they have a contract with. They pass the traffic from aggregators to
aggregators. This is the same as a person who walks from store to store in a
mall even though he has no contract with the stores, the stores have
contracts with the mall.

>Packets are not property, there is no intrinsic value in returning them to
>sender. Plus I guarantee you if you drop off a package with Fedex and
>don't pay for it (thus entering into a contract with them for services),
>they will eventually throw it in the trash rather than deliver it.

	Packets are property. There is no value in returning them to sender but
there is value in delivering them to the recipient. If the lack of return
value is evidence against property, why is the presence of delivery value
not evidence for?

	I don't deny that you can drop a packet on the floor if nobody paid you to
carry it and you did nothing to solicit its presence on your network. That
is not the same as the case where somebody paid you to carry the packet, but
the person who paid you is not the owner of the packet but merely someone
similarly contracted by the owner.

>This is no different from me authorizing Mail Boxes Etc to be my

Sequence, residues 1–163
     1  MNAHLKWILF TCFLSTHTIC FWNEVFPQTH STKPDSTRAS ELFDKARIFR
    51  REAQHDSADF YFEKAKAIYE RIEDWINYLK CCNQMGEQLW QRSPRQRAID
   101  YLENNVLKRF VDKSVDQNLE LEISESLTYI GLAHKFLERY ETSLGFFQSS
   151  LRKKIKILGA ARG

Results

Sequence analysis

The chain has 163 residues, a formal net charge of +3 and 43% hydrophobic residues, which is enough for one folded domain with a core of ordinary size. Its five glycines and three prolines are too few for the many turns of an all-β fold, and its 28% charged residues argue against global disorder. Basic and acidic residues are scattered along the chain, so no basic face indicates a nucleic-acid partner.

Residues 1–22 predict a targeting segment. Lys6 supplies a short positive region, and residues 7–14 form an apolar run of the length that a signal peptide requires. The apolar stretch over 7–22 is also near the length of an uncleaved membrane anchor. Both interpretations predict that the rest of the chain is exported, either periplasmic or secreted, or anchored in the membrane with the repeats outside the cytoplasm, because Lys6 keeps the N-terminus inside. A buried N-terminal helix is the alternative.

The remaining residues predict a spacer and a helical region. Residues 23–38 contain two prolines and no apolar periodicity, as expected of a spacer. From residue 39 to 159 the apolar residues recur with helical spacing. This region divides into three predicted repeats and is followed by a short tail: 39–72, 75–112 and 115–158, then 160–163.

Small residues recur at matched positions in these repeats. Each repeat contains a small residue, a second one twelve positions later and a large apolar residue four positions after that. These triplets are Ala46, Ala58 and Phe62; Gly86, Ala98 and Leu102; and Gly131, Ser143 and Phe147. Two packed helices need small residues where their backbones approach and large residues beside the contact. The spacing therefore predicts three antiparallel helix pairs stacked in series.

>proxy for UPS packages, and them being allowed to simply discard
>anything from, say, an ex-wife.   My ex-wife has no claim, in this
>hypothetical, against MBE for tossing my package in the trash,
>because they're acting as my agent.

	You are quite correct *if* they are the agent for the intended recipient.
In the general case, a transit carrier will not be an agent for the intended
recipient and possibly not for the originator either.

>Of course, that only applies if you're dumb enough to answer '250 OK' to
>the '.' after the DATA.  You 5xx that puppy anywhere before that, and you
>haven't taken custody of that data...

	Exactly. I think the mail case is simpler though because it is quite rare
for an email message to wind up in the hands of someone who has no
contractual relationship with either the sender or the recipient. Exceptions
would include things like relay rape where I think it's quite reasonable to
argue that the purely abusive nature of the transaction (and the sender's
specific selection of your relay) justify dropping it on the floor.

	Someone who chose to hand an email to you specifically even though you are
neither the sender nor the recipient and hope that you would deliver it is
not the same as someone who sent a packet to you because you are the route
towards the recipient.

	I suppose another version of the FedEx hypothetical would be if FedEx
advertised that they would carry packages to Denver without fee but then
destroyed half of them. BGP advertisements and DNS MX records are
solicitations for other people's property.

	I would also remind everyone that the interception or diversion of
electronic communications is illegal in the United States, even if you do
not look at the contents. (There are exceptions, of course, but the law
definitely is not "it's your network, do whatever you want with the data on